How do I run my account as an administrator?

MrWhiteman

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Jul 26, 2013
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I'm sick and tired of having to right click on everything and clicking Run As Administrator. Can someone please tell me how to make my account an admin account on Windows 10. Thanks.
 

neo158

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I'm sick and tired of having to right click on everything and clicking Run As Administrator. Can someone please tell me how to make my account an admin account on Windows 10. Thanks.

Why are you running everything as admin anyway?

If you are the only user on the computer then the account should be an admin account anyway, if you're talking about THE administrator account then that is disabled by default through Local Security Policies. I would caution you against enabling it though as that can cause way more issues than it's worth and Microsoft also say the same thing.

There are two levels of admin on current versions of Windows. Your current admin account is a machine level admin account, which allows a user to perform admin tasks but with UAC prompts and the requirement to elevate certain tasks to the systemwide admin account. The systemwide admin account is the one that you want to run as and is disabled by default as I already mentioned, personally I wouldn't enable it as tasks such as registry edits are being made systemwide rather than to a virtualised version of the registry, specific to your account.
 
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MrWhiteman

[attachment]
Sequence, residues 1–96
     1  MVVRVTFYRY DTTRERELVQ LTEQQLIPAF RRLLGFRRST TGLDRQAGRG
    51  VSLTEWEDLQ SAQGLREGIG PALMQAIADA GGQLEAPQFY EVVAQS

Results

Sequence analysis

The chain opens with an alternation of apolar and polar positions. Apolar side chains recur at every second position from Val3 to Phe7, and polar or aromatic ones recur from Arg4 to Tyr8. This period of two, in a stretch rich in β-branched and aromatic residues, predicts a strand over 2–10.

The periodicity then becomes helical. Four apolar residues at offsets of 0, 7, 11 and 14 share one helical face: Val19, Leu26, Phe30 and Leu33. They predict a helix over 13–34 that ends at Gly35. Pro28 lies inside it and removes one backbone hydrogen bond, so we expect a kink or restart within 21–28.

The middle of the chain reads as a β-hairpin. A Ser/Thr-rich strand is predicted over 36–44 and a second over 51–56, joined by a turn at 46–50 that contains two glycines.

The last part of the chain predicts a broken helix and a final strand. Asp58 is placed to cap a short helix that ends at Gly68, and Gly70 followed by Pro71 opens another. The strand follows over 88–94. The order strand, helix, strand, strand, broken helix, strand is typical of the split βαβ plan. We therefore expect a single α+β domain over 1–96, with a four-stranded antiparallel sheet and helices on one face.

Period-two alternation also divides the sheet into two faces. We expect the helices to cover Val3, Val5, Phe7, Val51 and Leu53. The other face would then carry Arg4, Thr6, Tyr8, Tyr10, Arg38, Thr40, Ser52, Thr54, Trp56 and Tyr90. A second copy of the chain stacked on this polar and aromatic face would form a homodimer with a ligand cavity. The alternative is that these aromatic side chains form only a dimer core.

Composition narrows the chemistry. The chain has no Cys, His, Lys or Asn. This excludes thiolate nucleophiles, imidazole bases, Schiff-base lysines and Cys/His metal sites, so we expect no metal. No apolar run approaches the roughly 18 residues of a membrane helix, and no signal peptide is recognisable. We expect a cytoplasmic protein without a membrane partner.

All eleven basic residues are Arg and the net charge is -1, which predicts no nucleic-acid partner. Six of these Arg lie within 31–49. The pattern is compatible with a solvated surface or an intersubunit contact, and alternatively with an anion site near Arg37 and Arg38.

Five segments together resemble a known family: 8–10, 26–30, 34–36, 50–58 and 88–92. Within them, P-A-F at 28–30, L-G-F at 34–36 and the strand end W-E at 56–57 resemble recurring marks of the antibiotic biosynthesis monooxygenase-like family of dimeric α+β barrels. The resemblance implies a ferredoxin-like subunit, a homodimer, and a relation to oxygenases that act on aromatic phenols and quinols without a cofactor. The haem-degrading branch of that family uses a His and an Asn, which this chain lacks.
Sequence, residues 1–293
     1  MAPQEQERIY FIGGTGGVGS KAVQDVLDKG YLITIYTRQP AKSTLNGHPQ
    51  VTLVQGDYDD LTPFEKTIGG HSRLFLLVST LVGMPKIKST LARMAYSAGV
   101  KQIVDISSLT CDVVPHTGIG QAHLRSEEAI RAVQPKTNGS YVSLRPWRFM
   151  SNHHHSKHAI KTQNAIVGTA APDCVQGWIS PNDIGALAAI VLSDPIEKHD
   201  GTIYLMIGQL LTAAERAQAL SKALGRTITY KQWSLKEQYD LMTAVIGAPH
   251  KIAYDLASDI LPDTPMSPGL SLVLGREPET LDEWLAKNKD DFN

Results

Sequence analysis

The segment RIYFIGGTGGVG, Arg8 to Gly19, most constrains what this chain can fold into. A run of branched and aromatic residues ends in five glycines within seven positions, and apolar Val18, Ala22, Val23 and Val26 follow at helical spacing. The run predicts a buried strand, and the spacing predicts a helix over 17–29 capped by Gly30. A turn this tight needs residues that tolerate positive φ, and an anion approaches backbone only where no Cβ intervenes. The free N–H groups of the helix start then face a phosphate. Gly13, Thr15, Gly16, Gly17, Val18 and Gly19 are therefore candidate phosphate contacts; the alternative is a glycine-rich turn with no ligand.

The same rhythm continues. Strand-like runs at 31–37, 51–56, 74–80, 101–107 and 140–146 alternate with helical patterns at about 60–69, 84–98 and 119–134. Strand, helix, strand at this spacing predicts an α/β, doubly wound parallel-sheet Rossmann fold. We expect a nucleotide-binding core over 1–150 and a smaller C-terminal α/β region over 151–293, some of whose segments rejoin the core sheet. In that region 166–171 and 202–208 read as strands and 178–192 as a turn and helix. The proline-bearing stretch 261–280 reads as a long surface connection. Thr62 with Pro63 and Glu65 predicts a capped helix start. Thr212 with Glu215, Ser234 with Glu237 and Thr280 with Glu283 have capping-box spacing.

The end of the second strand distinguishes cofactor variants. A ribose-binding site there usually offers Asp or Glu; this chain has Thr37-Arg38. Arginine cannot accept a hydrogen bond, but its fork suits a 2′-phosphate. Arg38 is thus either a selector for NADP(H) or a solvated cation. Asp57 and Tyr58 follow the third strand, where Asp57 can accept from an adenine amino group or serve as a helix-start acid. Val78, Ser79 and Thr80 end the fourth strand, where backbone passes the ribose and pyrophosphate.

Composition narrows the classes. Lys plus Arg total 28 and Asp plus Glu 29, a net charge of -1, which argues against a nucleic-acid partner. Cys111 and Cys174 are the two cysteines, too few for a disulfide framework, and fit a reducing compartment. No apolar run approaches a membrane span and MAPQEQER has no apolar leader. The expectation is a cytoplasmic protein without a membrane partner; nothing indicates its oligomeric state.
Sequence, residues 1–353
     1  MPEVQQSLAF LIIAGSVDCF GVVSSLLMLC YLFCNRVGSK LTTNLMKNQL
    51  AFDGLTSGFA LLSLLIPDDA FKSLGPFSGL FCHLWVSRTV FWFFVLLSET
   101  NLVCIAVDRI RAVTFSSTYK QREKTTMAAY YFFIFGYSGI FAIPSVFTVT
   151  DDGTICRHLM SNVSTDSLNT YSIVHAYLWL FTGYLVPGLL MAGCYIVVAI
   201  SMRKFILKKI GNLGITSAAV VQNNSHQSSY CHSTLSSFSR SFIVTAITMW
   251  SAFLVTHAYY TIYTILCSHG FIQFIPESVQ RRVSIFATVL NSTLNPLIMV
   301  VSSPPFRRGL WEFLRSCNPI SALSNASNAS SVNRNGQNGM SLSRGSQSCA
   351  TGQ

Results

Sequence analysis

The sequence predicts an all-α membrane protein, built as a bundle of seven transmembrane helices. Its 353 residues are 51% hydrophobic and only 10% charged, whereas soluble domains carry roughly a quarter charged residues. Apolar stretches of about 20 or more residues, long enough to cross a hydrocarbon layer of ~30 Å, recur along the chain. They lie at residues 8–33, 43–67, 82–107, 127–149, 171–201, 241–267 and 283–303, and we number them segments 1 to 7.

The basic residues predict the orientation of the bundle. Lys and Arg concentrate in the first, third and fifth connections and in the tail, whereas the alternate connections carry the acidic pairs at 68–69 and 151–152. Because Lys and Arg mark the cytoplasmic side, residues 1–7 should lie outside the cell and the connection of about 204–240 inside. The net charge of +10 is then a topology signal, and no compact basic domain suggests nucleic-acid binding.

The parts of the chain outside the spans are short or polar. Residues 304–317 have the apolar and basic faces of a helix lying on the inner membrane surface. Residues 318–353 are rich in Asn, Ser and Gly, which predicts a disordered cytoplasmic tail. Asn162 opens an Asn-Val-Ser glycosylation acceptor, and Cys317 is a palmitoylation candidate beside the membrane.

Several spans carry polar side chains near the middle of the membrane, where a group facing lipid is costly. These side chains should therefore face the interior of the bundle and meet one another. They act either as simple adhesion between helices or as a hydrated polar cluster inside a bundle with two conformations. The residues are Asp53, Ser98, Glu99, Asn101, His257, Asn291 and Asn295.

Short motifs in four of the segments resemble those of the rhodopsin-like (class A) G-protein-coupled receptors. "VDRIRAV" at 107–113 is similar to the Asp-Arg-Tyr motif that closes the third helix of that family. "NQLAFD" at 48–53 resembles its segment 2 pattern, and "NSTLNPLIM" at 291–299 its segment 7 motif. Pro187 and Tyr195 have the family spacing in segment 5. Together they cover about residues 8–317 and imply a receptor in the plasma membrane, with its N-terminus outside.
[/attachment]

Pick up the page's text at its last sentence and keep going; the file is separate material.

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I am running the only account. It says I'm an administrator in the user settings, but here's an example:

Windows 7:
15583992446_dc2ac2c743_b.jpg


Windows 10:
15421569068_f4f9b4fd7b_b.jpg


As you can see the update settings are greyed out. The only reason I don't want automatic updates is because updates are now completely hidden from the user in the background and I want to know what;s going on.
 
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BaritoneGuy

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I have only seen this when an account was setup locally first and then connected to an MS account after. I have always used the MS account from the start and never had this issue.
 

JaiMento

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This is normally seen when your PC is on a domain. It wouldn't even matter if you were a local admin on the PC or if you were the built in admin, you would still see this. However, I do not believe you are on a domain and I do believe that this is just part of the Windows 10 TP. You can, however, change what it is set to.

Win+R
gpedit.msc
navigate to Local Computer Policy/Administrative Templates/Windows Components/Windows Updates/Configure Automatic Updates
Check Enable and under Options select whatever options you would like (or, you can elect to select "Allow local admin to choose setting", which will allow you to configure Windows Update from the window pictured in your screenshots above).
 

MrWhiteman

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This is normally seen when your PC is on a domain. It wouldn't even matter if you were a local admin on the PC or if you were the built in admin, you would still see this. However, I do not believe you are on a domain and I do believe that this is just part of the Windows 10 TP. You can, however, change what it is set to.

Win+R
gpedit.msc
navigate to Local Computer Policy/Administrative Templates/Windows Components/Windows Updates/Configure Automatic Updates
Check Enable and under Options select whatever options you would like (or, you can elect to select "Allow local admin to choose setting", which will allow you to configure Windows Update from the window pictured in your screenshots above).

Just read this and it was the solution. Thanks.
 

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